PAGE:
The second portion 204 defines a length L7 along the first side 224 extending from the proximal portion 228 to the distal portion 230. The second portion 204 defines a length L9 along the second side 226 extending from the proximal portion 228 to the distal portion 230. In some embodiments, the length L7 can be different from the length L9. The second portion 204 defines a width W4 extending between the first side 224 and the second side 226. In some embodiments, as illustrated, the width W4 can differ from the proximal portion 228 to the distal portion 230. In some embodiments, the second portion 204 is fabricated such that the width W4 is greater than the width W3 of the first portion 202. In some embodiments, the second portion 204 can define a trapezoidal shape such that the width W4 at the proximal portion 228 is substantially greater than the width W4 at the distal portion. The second portion is configured to be attached and provide support to a second bodily tissue.
  • [0070]
    The second bodily tissue exhibits a definite biomechanical behavior in a defined set of physical conditions. The behavior exhibited by the second bodily tissue can be different than the behavior exhibited by the first bodily tissue. The second bodily tissue can be configured to define a set of biomechanical attributes or biomechanical properties so as to emulate the biomechanical behavior of the second bodily tissue in the defined set of physical conditions. The biomechanical attributes can be defined by a second set of values of respective biomechanical parameters associated with each of the biomechanical attributes. The second set of values can be different from the first set of values. Consequently, the second portion 204 may be defined to exhibit values of the biomechanical attributes, different than the values of the biomechanical attributes of the first portion 202, in accordance with the second bodily tissue where at least a portion of the second portion 204 of the first flap 248 may be attached. It must be appreciated that in some embodiments, only one or more but not all of the first set of values biomechanical attributes and the second set of values differ in terms of their values of parameters defining the respective attributes. For example, the modulus of elasticity may be same for the first portion 202 and the second portion 204 but any other parameter for other attribute such as resistance to creep may be different. In some other embodiments, all the attributes of the first portion 202 and the second portion 204 may differ in terms of their values of parameters defining the respective attributes. The values of the various parameters provide mathematical measures of the respective parameters.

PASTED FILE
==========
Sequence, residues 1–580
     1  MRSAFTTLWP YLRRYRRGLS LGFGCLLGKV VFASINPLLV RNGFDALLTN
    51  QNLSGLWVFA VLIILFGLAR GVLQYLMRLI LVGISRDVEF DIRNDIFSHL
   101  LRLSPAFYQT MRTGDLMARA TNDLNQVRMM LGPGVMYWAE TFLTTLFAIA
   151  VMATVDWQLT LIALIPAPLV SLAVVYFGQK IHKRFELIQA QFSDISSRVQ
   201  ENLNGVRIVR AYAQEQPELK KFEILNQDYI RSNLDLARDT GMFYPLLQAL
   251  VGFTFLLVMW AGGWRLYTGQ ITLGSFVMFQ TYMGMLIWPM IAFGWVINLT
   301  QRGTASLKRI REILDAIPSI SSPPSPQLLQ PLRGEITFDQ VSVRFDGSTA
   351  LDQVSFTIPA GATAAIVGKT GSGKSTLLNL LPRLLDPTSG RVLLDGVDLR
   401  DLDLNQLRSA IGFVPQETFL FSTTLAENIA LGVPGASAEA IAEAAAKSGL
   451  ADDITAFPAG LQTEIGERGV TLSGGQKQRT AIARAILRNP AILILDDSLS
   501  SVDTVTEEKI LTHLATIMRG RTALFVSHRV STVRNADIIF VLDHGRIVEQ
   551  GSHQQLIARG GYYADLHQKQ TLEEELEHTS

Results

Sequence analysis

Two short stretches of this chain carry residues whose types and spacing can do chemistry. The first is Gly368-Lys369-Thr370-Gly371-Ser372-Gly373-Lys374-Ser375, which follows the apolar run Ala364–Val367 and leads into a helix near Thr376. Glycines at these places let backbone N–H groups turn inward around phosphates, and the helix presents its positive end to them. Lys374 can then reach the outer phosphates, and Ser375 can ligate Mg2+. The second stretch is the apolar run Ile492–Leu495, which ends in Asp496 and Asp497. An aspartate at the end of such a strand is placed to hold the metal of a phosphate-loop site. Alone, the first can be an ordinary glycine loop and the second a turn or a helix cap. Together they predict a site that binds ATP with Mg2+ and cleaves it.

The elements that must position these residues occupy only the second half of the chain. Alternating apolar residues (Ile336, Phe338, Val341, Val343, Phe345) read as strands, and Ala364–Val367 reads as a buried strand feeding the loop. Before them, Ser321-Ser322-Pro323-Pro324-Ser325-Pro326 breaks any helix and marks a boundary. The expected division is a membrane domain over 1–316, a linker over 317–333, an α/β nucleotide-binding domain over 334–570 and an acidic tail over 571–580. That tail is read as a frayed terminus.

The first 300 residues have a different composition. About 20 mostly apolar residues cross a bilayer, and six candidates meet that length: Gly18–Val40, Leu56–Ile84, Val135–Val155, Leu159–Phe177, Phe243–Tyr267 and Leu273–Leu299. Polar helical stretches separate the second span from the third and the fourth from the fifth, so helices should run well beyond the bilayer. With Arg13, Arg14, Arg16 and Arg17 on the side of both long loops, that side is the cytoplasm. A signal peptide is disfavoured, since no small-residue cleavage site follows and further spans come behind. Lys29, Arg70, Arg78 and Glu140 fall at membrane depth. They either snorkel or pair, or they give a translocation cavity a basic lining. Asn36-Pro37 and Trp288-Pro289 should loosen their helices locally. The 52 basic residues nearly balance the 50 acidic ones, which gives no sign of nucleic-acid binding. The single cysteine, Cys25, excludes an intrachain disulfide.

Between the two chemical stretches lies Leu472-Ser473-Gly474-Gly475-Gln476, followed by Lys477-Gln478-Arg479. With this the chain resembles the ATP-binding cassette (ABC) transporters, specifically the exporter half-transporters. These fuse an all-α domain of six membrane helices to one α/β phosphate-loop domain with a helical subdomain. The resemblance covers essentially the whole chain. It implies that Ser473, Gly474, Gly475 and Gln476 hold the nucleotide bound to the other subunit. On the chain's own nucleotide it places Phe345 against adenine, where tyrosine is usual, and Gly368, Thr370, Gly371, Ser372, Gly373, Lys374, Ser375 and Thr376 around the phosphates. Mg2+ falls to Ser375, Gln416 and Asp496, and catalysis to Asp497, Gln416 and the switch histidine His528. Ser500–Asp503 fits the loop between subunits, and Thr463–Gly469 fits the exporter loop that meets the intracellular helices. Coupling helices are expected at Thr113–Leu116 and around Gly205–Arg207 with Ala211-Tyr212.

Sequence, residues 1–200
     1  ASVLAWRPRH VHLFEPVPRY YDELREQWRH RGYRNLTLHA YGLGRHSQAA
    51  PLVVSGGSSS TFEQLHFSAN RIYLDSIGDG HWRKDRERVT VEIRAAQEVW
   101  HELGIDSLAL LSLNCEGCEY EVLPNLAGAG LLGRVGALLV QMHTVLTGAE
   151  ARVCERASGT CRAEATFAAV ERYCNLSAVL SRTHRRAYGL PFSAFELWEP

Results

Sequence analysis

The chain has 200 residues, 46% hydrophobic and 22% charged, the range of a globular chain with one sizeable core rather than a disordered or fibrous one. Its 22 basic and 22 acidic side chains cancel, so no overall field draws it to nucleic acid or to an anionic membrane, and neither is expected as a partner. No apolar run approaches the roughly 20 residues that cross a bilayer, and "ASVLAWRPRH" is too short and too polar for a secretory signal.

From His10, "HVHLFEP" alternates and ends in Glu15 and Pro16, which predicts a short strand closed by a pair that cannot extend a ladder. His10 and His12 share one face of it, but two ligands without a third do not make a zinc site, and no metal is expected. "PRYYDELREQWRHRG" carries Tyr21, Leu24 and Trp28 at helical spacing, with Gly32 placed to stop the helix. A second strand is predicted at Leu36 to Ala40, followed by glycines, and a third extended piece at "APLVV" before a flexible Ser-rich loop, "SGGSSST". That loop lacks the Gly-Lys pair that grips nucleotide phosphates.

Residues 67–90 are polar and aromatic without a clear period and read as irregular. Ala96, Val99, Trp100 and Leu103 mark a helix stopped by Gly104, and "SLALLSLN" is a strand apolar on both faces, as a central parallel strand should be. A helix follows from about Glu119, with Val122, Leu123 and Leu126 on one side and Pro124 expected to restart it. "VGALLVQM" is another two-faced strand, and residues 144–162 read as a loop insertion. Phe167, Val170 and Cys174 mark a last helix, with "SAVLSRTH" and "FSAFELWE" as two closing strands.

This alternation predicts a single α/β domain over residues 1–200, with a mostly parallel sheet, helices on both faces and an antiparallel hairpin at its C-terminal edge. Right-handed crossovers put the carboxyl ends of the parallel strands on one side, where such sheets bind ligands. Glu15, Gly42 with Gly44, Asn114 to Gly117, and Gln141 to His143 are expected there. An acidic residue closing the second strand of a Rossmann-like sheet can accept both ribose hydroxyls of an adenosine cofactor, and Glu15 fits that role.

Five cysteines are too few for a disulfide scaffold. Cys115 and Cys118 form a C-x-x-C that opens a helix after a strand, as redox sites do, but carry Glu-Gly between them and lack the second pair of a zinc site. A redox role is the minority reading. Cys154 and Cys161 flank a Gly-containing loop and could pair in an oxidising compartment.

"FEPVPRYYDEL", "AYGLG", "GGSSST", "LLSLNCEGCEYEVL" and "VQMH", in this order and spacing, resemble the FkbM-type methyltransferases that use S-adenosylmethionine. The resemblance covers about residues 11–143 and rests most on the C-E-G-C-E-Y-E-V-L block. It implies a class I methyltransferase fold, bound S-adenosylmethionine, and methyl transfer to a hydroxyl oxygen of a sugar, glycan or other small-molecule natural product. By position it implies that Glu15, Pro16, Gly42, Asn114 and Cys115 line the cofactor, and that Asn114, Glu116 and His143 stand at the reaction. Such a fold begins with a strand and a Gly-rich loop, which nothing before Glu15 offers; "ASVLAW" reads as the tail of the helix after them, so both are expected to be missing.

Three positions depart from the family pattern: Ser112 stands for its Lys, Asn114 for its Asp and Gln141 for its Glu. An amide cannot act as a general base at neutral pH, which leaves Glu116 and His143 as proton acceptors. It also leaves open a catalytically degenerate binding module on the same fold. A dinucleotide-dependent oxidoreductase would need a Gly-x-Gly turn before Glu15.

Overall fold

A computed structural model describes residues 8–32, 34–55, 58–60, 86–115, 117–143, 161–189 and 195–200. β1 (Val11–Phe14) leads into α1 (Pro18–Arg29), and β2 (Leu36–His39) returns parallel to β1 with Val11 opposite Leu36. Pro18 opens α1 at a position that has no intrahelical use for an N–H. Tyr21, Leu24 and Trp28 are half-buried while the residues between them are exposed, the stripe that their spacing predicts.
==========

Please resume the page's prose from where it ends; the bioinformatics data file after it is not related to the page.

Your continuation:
• [0071]